Instead, they believe they're allergic to the fish they've consumed.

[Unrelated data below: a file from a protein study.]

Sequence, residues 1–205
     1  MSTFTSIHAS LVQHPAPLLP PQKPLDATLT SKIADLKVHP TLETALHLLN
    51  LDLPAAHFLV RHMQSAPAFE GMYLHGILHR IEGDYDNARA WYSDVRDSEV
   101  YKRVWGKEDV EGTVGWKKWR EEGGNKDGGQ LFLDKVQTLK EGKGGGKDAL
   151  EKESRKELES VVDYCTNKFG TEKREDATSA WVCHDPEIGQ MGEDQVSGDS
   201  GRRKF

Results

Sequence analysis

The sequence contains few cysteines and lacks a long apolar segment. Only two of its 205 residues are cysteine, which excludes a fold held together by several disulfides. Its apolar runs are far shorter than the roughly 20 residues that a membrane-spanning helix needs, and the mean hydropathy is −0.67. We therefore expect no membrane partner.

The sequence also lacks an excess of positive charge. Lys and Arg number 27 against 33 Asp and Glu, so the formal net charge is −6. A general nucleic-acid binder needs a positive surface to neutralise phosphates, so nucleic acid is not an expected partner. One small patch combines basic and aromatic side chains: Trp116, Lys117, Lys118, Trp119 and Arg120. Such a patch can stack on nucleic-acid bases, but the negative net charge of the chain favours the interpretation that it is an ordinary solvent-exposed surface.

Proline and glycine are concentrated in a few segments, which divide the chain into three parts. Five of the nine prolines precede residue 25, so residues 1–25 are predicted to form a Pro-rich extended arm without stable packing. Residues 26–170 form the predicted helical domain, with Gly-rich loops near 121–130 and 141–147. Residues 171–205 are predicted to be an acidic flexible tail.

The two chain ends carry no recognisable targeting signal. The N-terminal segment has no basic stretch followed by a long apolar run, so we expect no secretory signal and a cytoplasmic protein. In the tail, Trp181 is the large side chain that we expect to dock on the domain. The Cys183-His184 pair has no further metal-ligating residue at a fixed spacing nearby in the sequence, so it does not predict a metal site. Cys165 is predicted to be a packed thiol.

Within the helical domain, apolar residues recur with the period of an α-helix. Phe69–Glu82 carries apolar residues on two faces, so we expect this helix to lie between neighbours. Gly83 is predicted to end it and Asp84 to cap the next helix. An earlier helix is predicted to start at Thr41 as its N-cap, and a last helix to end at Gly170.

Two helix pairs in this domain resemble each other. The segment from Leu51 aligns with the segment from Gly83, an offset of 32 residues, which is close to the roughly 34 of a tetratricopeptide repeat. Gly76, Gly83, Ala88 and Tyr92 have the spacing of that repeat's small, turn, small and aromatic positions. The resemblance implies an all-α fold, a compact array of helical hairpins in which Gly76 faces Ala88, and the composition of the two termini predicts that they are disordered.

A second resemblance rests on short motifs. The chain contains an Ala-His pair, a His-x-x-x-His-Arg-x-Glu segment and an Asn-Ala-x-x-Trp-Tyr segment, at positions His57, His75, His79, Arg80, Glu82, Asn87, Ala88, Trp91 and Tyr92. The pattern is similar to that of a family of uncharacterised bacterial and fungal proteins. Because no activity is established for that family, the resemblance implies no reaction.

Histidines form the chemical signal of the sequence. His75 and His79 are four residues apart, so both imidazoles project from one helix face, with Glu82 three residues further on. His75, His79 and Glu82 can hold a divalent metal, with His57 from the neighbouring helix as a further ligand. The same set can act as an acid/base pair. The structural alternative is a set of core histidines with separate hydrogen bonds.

It was this that convinced me tuna was the culprit.Amena Warner, national nurse advisor for Allergy UK, says: 'If a fish isn't frozen or iced quickly enough after it is caught, bacteria quickly build up inside it, which can create the scombroid toxin.This then converts the amino acid histidine, which occurs naturally in the fish, into histamine.'According to Dr Gnanakumaran, although everyone who eats affected fish may be struck down by scombroid poisoning, those sensitive to histamine (ie, those who already suffer from allergies) will be more prone to it.'The differences are subtle but a true allergic reaction will trigger tingling or swelling of the lips or tongue as soon as the food touches them, followed by throat constriction and an itchy rash,' explains Dr Gnanakumaran.Other symptoms can include a severe headache, a sudden drop in blood pressure that leaves you feeling faint, a racing heart, tight chest and shortness of breath, as well as sickness and diarrhoea.'Although allergies can develop at any time in our lives, in the majority of cases when someone without a previous fish allergy suffers a reaction after eating tuna, it will most likely be as a result of scombroid poisoning.'According to Food Standards Agency recommendations, pregnant or breastfeeding women should not eat more than two medium tins of tuna or one fresh tuna steak a week because it is high in mercury, which can be passed through the umbilical cord or breast milk, potentially damaging the nervous system of a foetus or baby.'Unfortunately, studies have proved that the scombroid toxin is resistant to smoking, cooking, canning and freezing.So if the toxin is already there before the fish is dispatched for human consumption, it is there for good,' says nurse Amena Warner.'Neither can its presence be detected by appearance or smell.